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Forests and chases were bounded areas where a legal regime separate from the Common Law protected royal and aristocratic hunting priveleges and commoners' rights. Their survival and their history after the Middle Ages is little recorded, yet forest law and customs continued into Victoria's reign, and some still do. In this volume, historians, geographers, ecologists, archaeologists and environmental managers investigate the survival of forests and how they may best be managed in today's world.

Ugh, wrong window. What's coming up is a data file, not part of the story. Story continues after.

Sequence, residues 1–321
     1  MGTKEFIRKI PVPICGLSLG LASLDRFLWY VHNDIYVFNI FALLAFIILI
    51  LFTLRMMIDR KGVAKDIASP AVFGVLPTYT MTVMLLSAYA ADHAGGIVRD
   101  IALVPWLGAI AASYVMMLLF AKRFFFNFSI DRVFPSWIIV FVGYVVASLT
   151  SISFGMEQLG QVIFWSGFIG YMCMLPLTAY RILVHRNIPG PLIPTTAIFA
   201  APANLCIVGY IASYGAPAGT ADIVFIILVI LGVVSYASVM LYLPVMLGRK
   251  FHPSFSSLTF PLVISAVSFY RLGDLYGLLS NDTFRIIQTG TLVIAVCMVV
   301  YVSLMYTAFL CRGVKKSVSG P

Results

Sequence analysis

List of figures; Foreword; The Porposal: Forests and Chases in England and Wales, c.1500 to c. 1850: survey and analysis; Forests in early-modern England and Wales: History and historiography (John Langton); Forest maps and the gazeteer (Graham Jones ); Parliamentary surveys (David Fletcher); Mapping forests and chases, c.1530 to c.1670 (Elizabeth Baigent); Parliament, peers, and legislation (Ruth Paley); Customary rights and charities (Sylvia Pinches); Encroachment in the Forest of Dean: settlement, economy and landscape change at the margin (Paul Coones); Swanimotes, woodmotes and courts of 'free miners' (Graham Jones); Resistence, crime and popular cultures (Carl Griffin); Forests and religious dissidence: Supremacy to toleration (Marie Rowlands); Gypsies, Tinkers, Travellers and the forest economy (David Smith); Ownership and ecological change (Caroline Cheeseman); Transitional hunting landscapes: deer hunting and fox hunting (Mandy de Belin); Woodland fuel, demand and supply (Paul Warde); State management and 'scientific forestry' (Graham Jones); Bringewood Chase and its surrounding countryside: a GIS survey (David Lovelace); A digital atlas of Rockingham Forest (Glenn Foard, David Hall, Tracey Britnell); Roundtable discussion and comments; Bibliography; Index.